Camping out With the Navajo in Monument Valley

Camping out With the Navajo in Monument Valley

Part of #MonumentValley’s charm is its remoteness, it is about 60 miles west of the zero-dimensional Utah–New Mexico border on Highway 163. It is characterized by a cluster of vast sandstone buttes. To truly be at one with #nature and this #aspirational landscape, we had the honour of staying in a hogan; a traditional mud hut, and enjoyed a traditional meal, campfire and music.


Do you remember that scene from Forrest Gump where Forrest has been running for over three years and then he decides he’s “pretty tired” and done with it all? Well, if you don’t, here it is.

This scene is filmed at the entrance to Monument Valley, a Navajo-owned land that’s technically not even a part of the United States. The Navajo nation even runs its own judicial system, governed by a native council. The landscape is incredible: rock pinnacles, mesas and buttes, and bright red sand-scapes. 

The landscape is incredible: rock pinnacles, mesas and buttes, and bright red sand-scapes
Monument Valley
Monument Valley

The Mitten buttes and Merrick Butte are two of the most popular landmarks, seen from the visitor centre. But if you wanna get into the real heart of Monument Valley, you must hire a Navajo guide.

from  $75

Monument Valley Tour

Aspirational
 Monument Valley, UT, United States
You may also like

Grand Canyon Helicopter Tour

Lower Antelope Canyon Tour in Arizona

Monument Valley
Monument Valley

My Trek America group and I had the honour of staying overnight in a hogan – a traditional mud hut with nine sides to represent each month of pregnancy. 

a traditional mud hut with nine sides to represent each month of pregnancy
from  $195

Monument Valley Hogan Experience

Aspirational
 Monument Valley, UT, United States
You may also like

Monument Valley Tour

Grand Canyon Helicopter Tour

A stove in the centre pumps out heat, with the chimney being open to Father Sky and the floor being open to Mother Earth. They hogans are surprisingly roomy.

Hogan Home
Hogan Home
A Hogan
A Hogan

But first: our Navajo guides took us further into the valley, where we were given a brief history lesson and shown some 800-year-old petroglyphs. We sat in a stone “hogan” – like a half-carved cave, listening to the guides beat their drums and sing their traditional songs.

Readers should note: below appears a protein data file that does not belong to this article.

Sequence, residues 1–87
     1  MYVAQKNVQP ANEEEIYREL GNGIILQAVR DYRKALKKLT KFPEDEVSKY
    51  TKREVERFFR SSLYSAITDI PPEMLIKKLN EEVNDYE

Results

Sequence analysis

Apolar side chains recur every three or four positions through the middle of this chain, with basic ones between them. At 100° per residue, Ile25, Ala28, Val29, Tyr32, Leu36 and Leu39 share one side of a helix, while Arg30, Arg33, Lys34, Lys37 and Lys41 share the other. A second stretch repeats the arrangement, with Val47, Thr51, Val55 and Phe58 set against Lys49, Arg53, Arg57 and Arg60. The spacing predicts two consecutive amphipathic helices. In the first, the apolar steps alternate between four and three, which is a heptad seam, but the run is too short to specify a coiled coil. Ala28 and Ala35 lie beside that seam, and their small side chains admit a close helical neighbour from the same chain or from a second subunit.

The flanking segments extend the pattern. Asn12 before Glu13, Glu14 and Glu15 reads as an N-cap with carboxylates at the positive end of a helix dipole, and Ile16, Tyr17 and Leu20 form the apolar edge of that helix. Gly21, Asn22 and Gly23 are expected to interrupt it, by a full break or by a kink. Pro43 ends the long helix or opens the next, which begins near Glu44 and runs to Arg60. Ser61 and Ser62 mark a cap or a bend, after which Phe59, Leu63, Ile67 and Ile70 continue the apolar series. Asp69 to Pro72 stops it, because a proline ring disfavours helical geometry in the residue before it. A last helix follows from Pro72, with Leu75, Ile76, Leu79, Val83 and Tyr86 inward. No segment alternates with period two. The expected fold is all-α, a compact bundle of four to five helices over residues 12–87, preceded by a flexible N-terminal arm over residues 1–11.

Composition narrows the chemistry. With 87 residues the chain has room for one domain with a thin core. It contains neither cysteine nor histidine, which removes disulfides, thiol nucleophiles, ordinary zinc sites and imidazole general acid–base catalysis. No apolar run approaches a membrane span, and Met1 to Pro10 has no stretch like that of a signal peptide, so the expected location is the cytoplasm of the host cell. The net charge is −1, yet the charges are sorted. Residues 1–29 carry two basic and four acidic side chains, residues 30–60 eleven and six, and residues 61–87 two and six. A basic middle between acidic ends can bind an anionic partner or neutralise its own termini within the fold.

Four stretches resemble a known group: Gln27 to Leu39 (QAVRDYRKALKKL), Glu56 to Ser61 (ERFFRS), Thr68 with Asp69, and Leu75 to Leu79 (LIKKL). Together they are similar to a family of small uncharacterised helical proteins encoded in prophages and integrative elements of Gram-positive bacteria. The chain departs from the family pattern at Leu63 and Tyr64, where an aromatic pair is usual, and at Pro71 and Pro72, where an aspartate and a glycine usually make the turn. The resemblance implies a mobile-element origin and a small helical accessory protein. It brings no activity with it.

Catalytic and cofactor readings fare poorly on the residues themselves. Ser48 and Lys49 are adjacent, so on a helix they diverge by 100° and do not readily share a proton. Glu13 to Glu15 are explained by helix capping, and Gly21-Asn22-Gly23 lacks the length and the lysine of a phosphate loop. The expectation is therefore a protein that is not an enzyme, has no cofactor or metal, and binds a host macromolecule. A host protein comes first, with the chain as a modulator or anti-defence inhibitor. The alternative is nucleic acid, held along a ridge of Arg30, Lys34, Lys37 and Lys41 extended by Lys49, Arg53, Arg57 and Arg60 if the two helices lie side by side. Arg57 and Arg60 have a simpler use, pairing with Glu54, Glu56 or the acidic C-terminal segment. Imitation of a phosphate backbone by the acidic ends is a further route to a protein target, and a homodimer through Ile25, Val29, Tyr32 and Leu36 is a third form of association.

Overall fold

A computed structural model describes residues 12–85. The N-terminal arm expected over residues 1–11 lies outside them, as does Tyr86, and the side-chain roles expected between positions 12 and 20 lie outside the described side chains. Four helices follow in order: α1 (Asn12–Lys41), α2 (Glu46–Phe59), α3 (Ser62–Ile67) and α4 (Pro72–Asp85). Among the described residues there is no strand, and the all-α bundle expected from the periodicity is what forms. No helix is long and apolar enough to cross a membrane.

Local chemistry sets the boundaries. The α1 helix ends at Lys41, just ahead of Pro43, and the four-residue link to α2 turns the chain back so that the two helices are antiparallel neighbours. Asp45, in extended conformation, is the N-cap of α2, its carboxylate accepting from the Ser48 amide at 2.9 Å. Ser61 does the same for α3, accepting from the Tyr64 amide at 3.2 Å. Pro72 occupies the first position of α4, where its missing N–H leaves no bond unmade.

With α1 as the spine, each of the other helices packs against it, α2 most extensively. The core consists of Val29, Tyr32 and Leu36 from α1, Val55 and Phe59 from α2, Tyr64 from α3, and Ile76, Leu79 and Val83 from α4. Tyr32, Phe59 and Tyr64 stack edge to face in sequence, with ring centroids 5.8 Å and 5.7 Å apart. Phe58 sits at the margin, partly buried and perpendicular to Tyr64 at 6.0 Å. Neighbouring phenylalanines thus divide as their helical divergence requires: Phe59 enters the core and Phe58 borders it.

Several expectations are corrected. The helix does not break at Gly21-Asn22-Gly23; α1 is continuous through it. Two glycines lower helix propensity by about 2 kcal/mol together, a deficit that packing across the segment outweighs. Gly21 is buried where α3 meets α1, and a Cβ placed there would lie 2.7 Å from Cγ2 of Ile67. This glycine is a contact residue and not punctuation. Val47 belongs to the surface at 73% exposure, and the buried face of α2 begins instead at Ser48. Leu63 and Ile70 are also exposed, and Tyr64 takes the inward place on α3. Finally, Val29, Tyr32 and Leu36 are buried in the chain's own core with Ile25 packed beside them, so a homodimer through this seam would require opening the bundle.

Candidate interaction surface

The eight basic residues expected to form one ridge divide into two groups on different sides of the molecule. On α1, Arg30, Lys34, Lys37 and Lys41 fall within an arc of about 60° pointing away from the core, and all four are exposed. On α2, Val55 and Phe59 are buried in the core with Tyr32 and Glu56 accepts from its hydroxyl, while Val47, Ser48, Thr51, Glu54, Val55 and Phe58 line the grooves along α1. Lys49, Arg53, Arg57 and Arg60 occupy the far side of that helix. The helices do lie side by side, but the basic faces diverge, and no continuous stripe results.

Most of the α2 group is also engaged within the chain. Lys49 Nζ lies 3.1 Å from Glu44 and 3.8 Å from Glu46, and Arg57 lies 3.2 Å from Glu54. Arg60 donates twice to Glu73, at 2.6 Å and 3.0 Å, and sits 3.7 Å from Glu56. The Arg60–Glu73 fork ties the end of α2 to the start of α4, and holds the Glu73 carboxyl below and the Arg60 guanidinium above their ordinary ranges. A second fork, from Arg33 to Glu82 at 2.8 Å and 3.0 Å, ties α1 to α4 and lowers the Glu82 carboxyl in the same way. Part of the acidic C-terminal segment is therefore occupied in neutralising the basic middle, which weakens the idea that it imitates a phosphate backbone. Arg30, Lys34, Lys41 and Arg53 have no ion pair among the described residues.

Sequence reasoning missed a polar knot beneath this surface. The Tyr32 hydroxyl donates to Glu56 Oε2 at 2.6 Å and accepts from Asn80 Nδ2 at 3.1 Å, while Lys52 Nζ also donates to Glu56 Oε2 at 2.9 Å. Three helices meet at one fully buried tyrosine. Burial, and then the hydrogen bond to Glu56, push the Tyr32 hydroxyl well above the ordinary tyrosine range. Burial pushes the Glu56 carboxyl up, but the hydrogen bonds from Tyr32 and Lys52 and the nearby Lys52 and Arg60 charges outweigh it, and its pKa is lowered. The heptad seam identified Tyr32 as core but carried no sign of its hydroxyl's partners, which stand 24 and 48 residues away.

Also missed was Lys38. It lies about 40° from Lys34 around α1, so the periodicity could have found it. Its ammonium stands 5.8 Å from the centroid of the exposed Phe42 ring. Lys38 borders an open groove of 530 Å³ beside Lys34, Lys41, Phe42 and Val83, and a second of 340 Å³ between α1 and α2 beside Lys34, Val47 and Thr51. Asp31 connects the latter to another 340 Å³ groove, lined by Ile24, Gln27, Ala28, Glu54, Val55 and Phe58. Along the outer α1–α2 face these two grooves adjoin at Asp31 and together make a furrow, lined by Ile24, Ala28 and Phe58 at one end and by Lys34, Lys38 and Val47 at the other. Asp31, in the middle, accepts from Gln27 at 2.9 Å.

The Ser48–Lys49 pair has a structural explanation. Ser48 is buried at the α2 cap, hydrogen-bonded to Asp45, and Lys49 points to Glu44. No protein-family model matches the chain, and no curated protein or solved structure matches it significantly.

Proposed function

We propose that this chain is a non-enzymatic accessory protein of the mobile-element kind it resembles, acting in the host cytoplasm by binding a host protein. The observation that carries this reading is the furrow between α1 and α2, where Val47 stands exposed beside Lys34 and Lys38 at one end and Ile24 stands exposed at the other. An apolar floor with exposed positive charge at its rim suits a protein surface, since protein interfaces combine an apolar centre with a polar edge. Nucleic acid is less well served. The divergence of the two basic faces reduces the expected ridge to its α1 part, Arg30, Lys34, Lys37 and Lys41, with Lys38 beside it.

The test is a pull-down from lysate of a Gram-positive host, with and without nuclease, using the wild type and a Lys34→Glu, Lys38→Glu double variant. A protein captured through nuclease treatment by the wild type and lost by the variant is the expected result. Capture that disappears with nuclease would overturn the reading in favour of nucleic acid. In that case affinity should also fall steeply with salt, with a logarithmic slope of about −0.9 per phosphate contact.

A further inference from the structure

We were then treated to traditional Navajo tacos: deep-fried dough, cheese, tomatoes, salsa, and a chunk of perfectly cooked steak. If you’re brave, add some honey for an extra kick.

Traditional Navajo Food
Traditional Navajo Food

It started drizzling rain shortly after, but our guides had more in store for us. A big campfire was lit, and a warrior emerged with his traditional gear: 100-year-old eagle feathers, a chest piece made of bones, jingling ornaments, and a giant headdress. Another Navajo member beat his drum while the warrior danced around the campfire.

Most of we travellers had been annoyed and frustrated with the rain up until that point, but it didn’t even matter in the moment. I closed my eyes to absorb the music and the chanting echoing off the valley walls, nothing but sweet crackling campfire and a steady drumbeat in the night.

I closed my eyes to absorb the music and the chanting echoing off the valley walls

And the hogan? Warm, comfy, dry, and one of the better sleeps I had on the entire trip. It’s hard to say what experience I loved the most – Monument Valley, or Angel’s Landing. Check out the EPIC video for more.

Loved this story?

Subscribe to our newsletter

to receive new story and activity ideas in your inbox.

Keep inspired By other stories